Saturday marked a turning point of sorts for the now two-week-old Occupy Seattle protest movement. In a day marked by rallies, demonstrations and a seven–block march through Seattle’s downtown retail and financial cores, the number of protestors reached its biggest number so far. With nearly a thousand protestors joining the march, the day’s events ended with a tense but peaceful standoff with police at the intersection of Fourth Avenue and Pike Street.
The encampment at Westlake Park is a patchwork display of people and political causes. Anarchists commune next to college graduates. Young parents push strollers past seniors– some carrying signs and talking animatedly among themselves about the issues behind the protests. In snippets of overheard conversations, the words “greed” and “banks” are often used. But the movement’s aims are diffuse and inchoate. Not unlike some Tea Party organizers, people here are quick to point out that ideological labels are secondary to the grassroots nature of the protests. Looking across the waves of marchers in the street, you could indeed see signs excoriating Wall Street greed next to anti-war placards, socialist banners and anarchist flags. Despite the crazy quilt of causes on display, the umbrella of corporate greed vs. economic equality held steadily throughout the day.
The un-permitted march began promptly at 5:00pm when a critical mass of protesters made their way southbound on the sidewalks of 4th Avenue passed columns of Seattle bicycle police. The march was announced earlier on twitter and the Occupy Seattle Website. Despite the movement’s success with electronic and social media, it was notable how many marchers weren’t using their smart phones. A small band of twitter users were keeping an online running commentary but marchers seemed more interested in chanting and carrying signs.
Word of mouth was the obvious communication strategy on the ground. For example, organizers moved the original time from noon until 5pm so that there actions wouldn’t interfere with an indigenous people’s protest of the Columbus Day holiday. This was announced on twitter, but the park numbers swelled during the afternoon anyway. Most hoping to march missed the twitter correction or were already on-route when the decision was relayed. Eventually protesters assembled in Westlake Park began forming lines about twenty minutes before the scheduled departure. In a “shhh, pass it along” manner, people relayed messages among themselves to form lines and get ready. Ten minutes before the start, another wave of messages moved along the lines. At 5:00pm sharp the first protestors left the park on the sidewalk of Fourth Avenue heading north toward the stated goal of reaching the iconic Columbia Tower.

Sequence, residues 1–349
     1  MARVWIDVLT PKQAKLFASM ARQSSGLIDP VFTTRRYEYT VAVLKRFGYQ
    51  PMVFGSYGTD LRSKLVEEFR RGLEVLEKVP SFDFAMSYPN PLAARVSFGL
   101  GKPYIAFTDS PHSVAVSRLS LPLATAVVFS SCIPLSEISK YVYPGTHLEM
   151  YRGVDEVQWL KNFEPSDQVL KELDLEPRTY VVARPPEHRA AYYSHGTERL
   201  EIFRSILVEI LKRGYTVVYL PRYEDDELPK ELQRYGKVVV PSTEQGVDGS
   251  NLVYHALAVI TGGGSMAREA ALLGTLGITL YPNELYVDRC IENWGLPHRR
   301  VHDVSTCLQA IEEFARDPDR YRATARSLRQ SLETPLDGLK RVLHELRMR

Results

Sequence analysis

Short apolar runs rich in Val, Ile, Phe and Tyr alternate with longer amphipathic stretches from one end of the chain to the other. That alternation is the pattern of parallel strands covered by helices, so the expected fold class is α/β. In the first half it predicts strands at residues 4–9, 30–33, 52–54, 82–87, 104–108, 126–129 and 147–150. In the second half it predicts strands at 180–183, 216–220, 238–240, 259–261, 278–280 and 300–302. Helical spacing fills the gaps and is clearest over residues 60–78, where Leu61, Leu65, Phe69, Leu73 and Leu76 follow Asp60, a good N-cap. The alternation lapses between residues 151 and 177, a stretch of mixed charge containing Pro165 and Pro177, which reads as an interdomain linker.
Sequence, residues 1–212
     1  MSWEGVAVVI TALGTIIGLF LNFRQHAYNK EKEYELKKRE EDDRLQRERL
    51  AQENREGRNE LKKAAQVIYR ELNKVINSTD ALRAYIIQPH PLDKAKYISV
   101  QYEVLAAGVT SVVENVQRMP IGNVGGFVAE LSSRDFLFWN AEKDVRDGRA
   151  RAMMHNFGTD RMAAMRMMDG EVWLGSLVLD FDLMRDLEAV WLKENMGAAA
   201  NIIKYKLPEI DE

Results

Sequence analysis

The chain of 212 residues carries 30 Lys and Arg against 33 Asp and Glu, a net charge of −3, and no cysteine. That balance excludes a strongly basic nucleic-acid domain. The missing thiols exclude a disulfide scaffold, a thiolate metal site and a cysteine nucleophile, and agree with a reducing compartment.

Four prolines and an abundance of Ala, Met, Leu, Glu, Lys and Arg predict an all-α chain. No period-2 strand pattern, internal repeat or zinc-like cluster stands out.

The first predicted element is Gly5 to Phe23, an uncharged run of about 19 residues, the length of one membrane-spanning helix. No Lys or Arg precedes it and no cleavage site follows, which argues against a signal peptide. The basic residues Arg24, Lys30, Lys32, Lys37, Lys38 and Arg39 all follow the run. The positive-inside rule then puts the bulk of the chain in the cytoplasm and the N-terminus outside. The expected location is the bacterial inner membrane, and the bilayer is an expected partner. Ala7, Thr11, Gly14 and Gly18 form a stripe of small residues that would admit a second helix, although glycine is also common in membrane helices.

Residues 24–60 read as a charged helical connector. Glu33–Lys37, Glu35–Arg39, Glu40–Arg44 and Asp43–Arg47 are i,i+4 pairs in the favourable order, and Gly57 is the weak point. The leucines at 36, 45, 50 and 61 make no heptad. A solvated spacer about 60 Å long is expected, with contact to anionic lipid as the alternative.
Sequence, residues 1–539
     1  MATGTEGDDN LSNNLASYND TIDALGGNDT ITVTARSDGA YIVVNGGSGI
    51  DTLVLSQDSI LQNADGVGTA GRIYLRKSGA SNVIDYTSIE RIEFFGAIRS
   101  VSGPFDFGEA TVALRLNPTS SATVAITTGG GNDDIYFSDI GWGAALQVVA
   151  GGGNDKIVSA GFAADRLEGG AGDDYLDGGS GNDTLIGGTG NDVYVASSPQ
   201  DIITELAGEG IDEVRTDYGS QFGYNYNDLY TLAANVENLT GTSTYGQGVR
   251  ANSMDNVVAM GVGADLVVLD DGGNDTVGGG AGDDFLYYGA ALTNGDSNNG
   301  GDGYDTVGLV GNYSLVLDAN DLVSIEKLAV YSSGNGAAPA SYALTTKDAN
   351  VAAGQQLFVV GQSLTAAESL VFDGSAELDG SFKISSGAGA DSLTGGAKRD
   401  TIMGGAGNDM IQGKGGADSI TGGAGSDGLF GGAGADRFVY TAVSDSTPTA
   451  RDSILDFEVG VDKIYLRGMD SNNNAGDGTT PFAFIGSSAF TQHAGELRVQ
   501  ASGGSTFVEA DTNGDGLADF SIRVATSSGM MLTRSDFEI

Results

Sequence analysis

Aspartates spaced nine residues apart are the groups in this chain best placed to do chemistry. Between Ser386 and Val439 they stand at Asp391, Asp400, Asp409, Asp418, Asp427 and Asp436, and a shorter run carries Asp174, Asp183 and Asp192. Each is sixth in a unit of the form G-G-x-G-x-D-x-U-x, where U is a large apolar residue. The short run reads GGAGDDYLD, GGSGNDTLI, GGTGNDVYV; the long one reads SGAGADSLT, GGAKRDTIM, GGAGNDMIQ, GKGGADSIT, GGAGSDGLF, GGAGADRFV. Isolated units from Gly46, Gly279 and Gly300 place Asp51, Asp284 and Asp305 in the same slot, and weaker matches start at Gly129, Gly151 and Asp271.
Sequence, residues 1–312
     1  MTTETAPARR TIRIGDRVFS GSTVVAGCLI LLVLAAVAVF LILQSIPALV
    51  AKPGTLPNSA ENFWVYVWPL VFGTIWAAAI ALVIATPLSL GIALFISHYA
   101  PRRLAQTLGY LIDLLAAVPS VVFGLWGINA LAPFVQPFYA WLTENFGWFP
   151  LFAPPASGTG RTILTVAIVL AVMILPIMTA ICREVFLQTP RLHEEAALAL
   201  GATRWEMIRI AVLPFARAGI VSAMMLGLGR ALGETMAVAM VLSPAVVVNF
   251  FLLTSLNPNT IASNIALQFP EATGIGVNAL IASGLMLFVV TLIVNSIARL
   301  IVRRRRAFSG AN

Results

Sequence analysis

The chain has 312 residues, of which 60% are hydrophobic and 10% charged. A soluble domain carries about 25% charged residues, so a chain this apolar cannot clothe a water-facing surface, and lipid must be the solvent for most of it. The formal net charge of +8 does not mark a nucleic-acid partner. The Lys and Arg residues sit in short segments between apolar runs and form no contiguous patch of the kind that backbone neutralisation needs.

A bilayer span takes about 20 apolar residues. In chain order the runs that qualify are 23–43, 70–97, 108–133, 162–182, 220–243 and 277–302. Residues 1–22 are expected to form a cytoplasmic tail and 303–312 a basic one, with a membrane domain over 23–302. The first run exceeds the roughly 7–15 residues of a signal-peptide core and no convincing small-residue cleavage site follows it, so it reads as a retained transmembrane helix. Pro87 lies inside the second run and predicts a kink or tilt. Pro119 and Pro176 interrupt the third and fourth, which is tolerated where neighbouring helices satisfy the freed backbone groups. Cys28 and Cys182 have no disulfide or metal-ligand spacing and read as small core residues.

As the march took form along 4th Avenue, bicycle police cordoned off traffic at intersections along the route allowing the march to walk along as one group. Most exchanges between protestors and police were polite with an occasional smile and friendly banter thrown in. Marchers kept largely to the sidewalk despite no visible presence of protest marshals or any obvious leadership.
instead flooded the outdoor promenade of the Bank of America plaza at 5th and Marion. Here the plaza filled continually with protestors for nearly forty minutes. What looked like a march of 300 or so at Westlake now was looking like 700 or even more. With chants of “We are the 99%” and “This is what democracy looks like”, protestors filled the plaza for nearly half an hour before someone with a small megaphone began relaying messages to the crowd about the return march. Using the novel “human megaphone” technique pioneered by the movement’s founders in New York, messages were repeated in unison from a person with a megaphone by the whole crowd. Cries of “mic–check, mic–check” preceded each message as marchers were directed to take over all of 4th avenue on their way back to Westlake Park.
While this marked an escalation of tactics, the police fanned out on bicycles and escorted the march back towards the park without incident. Everything proceeded smoothly until the march spontaneously stopped at the busy intersection of Pike and Fourth. Around a third of marchers staged a sit-in blocking the intersection with police looking on.
Everyday, protestors camped at Westlake have a “General Assembly” that serves as an assembly of ideas and planning. Yesterday, protestors at the head of the march took over the intersection and put out a call to the rest of the marchers to join them. As the intersection filled, a resolution was called for to vote on having the Assembly in the intersection with the knowledge that this was illegal and that the protestors in the intersection would likely be arrested. It was put to a vote once, and passed by acclamation, but the limits of the human megaphone were exposed almost immediately. Protestors on the sidewalks surrounding the intersection couldn’t hear the resolution and despite the pleas of some of the protestors to stay, a second resolution was put forth to continue on to Westlake as originally planned avoiding a confrontation with police. That resolution also passed by acclamation but with more protestors participating in the vote.
All but two protestors left the intersection. Those two were quickly arrested and driven away in police vehicles.
Within the hour, a light rain began to fall and the numbers in Westlake Park dwindled back to around 200 or so. After dark, the park was split into two camps with organizers on one end holding a forum on economic issues and grievances and a drum and dance circle on the other end. Each bloc sonically complimenting each other–human megaphone meeting drum and cowbell–as Seattle shoppers and tourists with brightly colored umbrellas stopped to take pictures and take it all in.